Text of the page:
Jerry Nadler Gets Desperate as Primary Rival Takes Commanding Lead

Rep. Jerry Nadler (D-NY) is getting desperate as his Democratic primary rival has taken a commanding lead in the race for the New York congressional seat.

Nadler’s opponent, incumbent Democrat Rep. Carolyn Maloney (D-NY), has a huge financial advantage heading into the August 23 primary.

Following the redistricting process, Nadler was doomed after he was forced to go head-to-head against Maloney for her long-held seat.

Nadler got screwed by redistricting and now has a tough primary against Maloney.

Maloney is one of the richest members of Congress.

She loaned her campaign $900,000 in the second quarter to give her a massive lead over Nadler heading into the primary.

And in real bad news for Nadler, the incumbent has plenty more where that came from.

Maloney has $2 million in the bank heading into the primary with the ability to bury Nadler under the weight of her fortune if she needs to.

Desperate Nadler is now limping to the finish line by begging small donors for dollars.

“There was never a doubt that I would continue to fight for the people in my district,” Maloney said of the race in New York’s 12th Congressional District.

“Thus, I decided to use some of my retirement savings to invest in this campaign.”

Her spokesman later clarified and said this was from her House retirement account (so we are funding it in some way and if this money sends Nadler home it may be the best money the government has spent in 20 years).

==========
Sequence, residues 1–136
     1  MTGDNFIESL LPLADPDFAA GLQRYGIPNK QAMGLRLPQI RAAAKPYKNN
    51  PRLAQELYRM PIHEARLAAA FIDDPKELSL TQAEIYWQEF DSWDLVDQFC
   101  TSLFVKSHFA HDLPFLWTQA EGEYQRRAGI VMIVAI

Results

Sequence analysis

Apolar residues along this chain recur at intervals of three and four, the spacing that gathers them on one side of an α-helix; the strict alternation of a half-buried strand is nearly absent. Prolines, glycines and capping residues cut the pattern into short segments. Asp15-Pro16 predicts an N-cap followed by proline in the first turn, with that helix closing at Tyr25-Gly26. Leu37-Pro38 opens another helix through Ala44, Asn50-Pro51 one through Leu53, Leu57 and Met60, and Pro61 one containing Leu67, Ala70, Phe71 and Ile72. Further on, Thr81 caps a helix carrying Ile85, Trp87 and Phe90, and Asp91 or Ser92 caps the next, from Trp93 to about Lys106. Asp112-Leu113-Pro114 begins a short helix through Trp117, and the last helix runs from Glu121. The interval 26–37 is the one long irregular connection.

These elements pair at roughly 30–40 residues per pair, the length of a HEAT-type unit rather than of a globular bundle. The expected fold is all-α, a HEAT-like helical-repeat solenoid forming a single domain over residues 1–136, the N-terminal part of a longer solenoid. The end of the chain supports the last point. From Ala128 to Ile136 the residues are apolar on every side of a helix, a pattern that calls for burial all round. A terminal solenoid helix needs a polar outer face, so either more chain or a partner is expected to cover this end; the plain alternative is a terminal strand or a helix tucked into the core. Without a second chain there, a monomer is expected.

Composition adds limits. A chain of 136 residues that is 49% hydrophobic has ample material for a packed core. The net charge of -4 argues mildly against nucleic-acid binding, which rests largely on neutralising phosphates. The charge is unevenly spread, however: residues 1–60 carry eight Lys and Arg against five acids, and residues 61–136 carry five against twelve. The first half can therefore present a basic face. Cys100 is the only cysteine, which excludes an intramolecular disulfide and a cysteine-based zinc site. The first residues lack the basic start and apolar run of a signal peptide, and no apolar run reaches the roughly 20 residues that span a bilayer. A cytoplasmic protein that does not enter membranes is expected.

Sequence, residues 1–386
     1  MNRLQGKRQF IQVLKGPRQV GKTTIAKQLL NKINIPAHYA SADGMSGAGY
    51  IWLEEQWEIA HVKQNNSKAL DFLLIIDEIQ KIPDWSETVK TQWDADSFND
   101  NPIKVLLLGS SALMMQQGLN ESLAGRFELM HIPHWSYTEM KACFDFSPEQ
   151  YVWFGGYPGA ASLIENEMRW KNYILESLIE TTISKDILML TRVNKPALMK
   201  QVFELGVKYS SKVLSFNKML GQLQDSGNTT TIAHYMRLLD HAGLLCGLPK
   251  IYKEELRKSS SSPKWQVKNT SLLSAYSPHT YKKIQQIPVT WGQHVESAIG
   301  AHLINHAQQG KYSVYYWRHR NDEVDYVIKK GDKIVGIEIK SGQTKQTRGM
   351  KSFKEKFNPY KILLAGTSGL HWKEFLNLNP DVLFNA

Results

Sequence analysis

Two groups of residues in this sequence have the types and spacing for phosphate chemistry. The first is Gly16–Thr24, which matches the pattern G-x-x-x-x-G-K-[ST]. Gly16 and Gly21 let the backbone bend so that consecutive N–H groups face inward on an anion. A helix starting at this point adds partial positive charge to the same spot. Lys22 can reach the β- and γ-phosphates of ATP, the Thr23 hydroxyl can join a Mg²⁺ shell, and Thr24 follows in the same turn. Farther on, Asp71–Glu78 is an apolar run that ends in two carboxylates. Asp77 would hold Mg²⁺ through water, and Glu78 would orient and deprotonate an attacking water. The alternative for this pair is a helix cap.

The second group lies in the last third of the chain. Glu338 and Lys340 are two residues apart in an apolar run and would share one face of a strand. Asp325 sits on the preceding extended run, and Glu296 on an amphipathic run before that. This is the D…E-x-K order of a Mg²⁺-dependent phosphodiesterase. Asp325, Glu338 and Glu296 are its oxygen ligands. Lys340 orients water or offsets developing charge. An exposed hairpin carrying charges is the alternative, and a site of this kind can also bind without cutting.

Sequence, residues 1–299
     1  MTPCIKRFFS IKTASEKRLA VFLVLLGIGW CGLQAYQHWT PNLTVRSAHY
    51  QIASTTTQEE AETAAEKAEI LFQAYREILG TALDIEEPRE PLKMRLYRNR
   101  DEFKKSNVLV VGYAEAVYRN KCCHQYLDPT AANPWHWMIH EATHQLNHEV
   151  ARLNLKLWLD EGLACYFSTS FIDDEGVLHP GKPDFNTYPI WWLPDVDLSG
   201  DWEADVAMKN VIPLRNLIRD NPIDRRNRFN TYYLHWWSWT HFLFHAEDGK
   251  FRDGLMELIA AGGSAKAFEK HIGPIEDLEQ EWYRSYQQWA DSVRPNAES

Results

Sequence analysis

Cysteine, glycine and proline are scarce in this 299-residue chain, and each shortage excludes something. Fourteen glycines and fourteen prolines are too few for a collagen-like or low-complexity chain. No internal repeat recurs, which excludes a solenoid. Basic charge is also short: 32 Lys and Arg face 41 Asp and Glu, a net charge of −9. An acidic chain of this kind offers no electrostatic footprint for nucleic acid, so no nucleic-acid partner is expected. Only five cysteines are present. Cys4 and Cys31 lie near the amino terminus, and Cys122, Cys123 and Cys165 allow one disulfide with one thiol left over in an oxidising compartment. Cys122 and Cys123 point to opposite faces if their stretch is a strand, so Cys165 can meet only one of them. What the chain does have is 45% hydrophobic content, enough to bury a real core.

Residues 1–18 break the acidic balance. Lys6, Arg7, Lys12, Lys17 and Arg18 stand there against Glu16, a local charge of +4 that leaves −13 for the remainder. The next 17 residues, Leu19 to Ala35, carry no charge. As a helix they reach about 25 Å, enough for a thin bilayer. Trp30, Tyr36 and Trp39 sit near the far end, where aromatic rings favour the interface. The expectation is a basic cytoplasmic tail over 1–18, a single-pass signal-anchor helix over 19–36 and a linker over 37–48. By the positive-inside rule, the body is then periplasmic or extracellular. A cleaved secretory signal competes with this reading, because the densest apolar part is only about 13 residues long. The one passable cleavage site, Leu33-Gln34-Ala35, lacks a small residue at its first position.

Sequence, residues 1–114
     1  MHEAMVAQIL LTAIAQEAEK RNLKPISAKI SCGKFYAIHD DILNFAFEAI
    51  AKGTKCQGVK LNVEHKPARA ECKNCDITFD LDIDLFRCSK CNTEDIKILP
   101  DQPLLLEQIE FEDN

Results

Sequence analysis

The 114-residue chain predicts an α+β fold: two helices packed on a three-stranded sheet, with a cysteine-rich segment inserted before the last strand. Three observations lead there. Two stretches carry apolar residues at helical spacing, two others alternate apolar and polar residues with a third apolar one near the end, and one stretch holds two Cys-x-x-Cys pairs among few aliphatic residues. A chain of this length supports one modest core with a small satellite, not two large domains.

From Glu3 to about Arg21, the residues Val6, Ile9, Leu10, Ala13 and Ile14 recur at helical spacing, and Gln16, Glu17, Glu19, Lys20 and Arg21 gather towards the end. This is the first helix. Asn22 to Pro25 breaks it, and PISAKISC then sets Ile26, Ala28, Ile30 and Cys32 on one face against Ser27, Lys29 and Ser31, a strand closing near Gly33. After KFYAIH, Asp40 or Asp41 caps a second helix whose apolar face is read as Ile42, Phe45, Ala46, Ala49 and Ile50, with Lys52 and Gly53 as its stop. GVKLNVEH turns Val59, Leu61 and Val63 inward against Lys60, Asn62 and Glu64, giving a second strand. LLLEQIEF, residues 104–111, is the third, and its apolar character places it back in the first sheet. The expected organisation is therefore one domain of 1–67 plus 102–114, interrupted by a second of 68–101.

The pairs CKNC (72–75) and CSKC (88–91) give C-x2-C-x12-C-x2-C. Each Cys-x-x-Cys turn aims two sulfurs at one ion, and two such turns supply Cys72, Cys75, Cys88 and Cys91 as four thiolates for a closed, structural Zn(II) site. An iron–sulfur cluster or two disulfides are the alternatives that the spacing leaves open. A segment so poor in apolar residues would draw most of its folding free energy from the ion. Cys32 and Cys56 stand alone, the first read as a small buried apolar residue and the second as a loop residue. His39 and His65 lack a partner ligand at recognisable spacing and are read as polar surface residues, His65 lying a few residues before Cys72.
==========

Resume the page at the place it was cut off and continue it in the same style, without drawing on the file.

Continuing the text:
Nadler, 75, reported only $500,000 in contributions in the second quarter and has the not-gonna-get-it-done amount of $1.2 million cash on hand.

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The career politician said of his cash crunch:

“I’m the son of a chicken farmer—no fortune over here!

“I’m feeling great about the energy and support my grassroots campaign is building—New Yorkers are fired up.

“Every dollar goes a long way: chip in here and join Team Nadler!”

According to The New York Times:

A third candidate campaigning on a platform of generational change, Suraj Patel, ended the quarter with about half that amount of cash, filings show.

Mr. Patel blasted both his opponents for accepting campaign contributions from corporate donors, a practice he avoids. “The 60 years of incumbency in this race are desperate to hold onto their seats,” he said.

Ms. Maloney’s loan came in late May, after New York’s courts had invalidated congressional districts drawn by Democrats in Albany, and unexpectedly drew replacements that combined her longtime district rooted on the East Side of Manhattan with Mr. Nadler’s on the West Side.

The same reshuffling created an outright melee among more than a dozen Democrats in the neighboring 10th District, which stretches from Lower Manhattan into Brooklyn.

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By David Hawkins

David Hawkins is a writer who specializes in political commentary and world affairs. He's been writing professionally since 2014.

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